At 60, Wayne Horvitz Is Protecting — And Expanding — His Musical Language | KUOW News and Information

At 60, Wayne Horvitz Is Protecting — And Expanding — His Musical Language

Dec 7, 2015
Originally published on December 6, 2015 3:41 pm

Wayne Horvitz is one of those musicians who does almost everything — from leading a small group of improvisers to conducting a big band, and from composing for symphony orchestra to running a nightclub. The Seattle-based keyboard player turned 60 this year, and he's celebrating by adding even more to his schedule: playing birthday concerts on both coasts.

Back when Horvitz decided to move from his native New York to Seattle in 1988, many of his East Coast cronies predicted it would change his work. In fact, the musical voice his New York friends knew was forged in California, where the musician attended college.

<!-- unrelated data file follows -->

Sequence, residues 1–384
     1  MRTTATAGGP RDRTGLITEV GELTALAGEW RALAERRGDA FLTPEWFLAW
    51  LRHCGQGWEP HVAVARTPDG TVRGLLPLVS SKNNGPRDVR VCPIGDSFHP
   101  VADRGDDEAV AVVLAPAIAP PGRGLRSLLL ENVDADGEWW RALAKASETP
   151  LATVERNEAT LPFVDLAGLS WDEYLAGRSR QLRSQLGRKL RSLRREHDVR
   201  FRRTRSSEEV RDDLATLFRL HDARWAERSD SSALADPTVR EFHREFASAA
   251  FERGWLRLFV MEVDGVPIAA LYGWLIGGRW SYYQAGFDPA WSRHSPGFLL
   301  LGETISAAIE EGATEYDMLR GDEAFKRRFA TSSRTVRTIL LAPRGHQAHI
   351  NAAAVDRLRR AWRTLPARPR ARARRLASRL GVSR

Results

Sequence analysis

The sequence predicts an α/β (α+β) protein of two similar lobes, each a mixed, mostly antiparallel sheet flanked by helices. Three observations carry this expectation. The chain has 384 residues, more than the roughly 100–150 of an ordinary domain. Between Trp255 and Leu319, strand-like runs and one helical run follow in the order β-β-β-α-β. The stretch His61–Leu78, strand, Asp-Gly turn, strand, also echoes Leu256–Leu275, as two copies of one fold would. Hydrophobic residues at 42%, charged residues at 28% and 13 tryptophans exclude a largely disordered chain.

"I like to joke, and I've probably said this too often, that I've been recycling the same 8 licks since I was 17," Horvitz offers. "I like that. Having a personal language is important to me."

Horvitz brought that style back to New York in the mid 1970's, where he became part of the downtown music scene, alongside friends like guitarist Bill Frisell and composer John Zorn. But two decades of big-city hustle eventually wore him down.

"I just wanted a quieter place," he says of the Northwest. "Of course, within three years of moving here, I was just as swamped and overwhelmed. Nature abhors a vacuum, and artists abhor whatever."